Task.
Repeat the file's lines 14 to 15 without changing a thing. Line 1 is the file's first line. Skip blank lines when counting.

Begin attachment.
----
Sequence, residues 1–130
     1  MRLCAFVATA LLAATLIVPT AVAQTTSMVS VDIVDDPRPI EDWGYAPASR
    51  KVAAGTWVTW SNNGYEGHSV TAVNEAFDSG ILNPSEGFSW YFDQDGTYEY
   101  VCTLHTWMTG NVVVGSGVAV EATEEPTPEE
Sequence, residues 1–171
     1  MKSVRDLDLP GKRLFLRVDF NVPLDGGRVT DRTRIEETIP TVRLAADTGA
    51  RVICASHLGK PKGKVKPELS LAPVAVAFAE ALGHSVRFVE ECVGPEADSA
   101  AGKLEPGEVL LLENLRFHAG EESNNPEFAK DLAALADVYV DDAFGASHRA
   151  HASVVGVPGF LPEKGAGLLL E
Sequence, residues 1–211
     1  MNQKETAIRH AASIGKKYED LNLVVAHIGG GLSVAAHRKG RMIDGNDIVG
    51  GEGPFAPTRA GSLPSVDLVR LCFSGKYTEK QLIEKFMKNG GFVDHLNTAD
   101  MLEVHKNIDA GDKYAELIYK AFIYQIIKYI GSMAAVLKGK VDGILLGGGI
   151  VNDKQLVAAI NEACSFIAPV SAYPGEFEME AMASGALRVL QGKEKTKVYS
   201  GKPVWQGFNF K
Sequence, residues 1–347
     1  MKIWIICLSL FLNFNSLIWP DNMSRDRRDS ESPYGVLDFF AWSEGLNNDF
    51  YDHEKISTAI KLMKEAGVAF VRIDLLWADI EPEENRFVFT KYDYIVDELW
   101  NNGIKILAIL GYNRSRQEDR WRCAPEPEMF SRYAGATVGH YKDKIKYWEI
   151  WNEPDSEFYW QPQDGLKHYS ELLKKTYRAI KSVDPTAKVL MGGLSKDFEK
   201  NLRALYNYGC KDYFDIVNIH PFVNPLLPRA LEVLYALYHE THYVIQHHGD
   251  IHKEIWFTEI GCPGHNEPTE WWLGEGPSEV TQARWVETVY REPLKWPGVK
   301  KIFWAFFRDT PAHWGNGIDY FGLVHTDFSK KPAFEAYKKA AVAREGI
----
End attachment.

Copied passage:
   151  VNDKQLVAAI NEACSFIAPV SAYPGEFEME AMASGALRVL QGKEKTKVYS
   201  GKPVWQGFNF K